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I spent a few years studying the use, and the theory behind, E-prime, and
E-prime in papers, and in some documentation. It is NOT, as some people say,
"standard" English. It is, actually, anything BUTstandard English. I don't
get into a full-blown theory about it now (we could begin a more expansive
discussion about it if enough interest is generated from others on this
Put simple, E-prime is English with all forms of the "to be" verb missing;
language (at least in theory) with all references that may cause bias,
interpretation, or unthoughtful statements removed, with the belief that such
were rooted in language, and especially the use of all forms of "to be." It
that much ignorance was rooted in the fact that when we talk or write about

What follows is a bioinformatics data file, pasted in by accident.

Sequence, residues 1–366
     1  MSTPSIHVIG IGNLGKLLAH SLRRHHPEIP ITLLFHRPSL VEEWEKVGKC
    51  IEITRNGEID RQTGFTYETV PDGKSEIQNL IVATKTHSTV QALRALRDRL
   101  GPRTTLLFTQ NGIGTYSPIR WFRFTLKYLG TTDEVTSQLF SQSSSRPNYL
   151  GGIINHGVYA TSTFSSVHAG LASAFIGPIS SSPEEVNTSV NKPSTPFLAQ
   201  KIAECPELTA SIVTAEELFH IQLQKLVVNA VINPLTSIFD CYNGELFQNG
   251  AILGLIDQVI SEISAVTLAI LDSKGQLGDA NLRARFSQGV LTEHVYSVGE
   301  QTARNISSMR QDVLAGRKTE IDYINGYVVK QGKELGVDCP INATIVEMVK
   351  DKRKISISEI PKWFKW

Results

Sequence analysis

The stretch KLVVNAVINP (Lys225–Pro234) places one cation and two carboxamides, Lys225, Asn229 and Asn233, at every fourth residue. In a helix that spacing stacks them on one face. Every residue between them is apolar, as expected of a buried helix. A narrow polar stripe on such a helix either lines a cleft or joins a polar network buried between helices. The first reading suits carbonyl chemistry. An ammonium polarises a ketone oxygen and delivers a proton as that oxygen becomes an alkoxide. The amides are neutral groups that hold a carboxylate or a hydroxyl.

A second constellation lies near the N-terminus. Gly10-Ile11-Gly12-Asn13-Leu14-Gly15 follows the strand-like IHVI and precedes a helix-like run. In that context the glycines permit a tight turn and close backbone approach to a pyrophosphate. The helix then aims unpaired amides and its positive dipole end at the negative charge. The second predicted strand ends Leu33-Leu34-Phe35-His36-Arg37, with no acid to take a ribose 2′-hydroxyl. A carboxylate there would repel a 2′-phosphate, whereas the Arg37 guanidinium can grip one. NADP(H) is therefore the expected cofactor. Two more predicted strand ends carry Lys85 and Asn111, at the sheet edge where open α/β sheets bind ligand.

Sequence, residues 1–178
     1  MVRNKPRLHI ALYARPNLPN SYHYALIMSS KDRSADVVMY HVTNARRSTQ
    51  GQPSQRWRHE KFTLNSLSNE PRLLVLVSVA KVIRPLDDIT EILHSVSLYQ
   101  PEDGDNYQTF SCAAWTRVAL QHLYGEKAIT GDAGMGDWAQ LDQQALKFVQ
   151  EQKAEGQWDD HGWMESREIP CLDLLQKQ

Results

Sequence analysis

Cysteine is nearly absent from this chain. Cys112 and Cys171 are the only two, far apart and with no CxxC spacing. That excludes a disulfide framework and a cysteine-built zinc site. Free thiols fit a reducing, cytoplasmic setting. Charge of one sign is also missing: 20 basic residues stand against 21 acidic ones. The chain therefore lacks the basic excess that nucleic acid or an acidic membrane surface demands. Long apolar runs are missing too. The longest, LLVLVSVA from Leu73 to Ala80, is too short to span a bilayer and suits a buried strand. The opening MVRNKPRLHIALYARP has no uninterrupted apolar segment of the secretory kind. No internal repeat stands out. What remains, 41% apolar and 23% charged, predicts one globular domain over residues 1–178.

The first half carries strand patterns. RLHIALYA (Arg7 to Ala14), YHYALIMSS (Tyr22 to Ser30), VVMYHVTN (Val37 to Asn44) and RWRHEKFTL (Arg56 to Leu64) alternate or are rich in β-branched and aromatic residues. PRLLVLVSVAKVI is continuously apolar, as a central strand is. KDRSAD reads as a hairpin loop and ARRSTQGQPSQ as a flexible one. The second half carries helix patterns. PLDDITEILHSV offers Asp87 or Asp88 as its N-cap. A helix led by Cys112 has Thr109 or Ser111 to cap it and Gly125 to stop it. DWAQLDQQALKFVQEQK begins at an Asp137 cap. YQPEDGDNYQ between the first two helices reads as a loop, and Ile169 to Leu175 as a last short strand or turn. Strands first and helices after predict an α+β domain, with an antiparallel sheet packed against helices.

we put our misguided beliefs into it It by saying that something "is
removing the "to be" verb in all its forms, it was believed that people would
have to find another way to describe life, events, people, and would have to
think more seriously about the words they choose.
As I said, I have written in E-prime, being at one time taken with the
theory. But I have come to realize that it doesn't accomplish what it sets
accomplish. However, writing in E-prime is a good exercise in making
aware of how much we automatically rely on "to be" verbs to communicate
It DOES indeed make you more aware of how you view events in life, or other
people. It was, as an English thoery, misguided, because the verbs we use to
describe people and events are the results, not the cause, of a way of
it went about things backwards.
E-prime is a good discussions point, though, for a tech writing network,
the topic does have the potential to bring out some of our angles on
and description, which can help bring about clarity in technical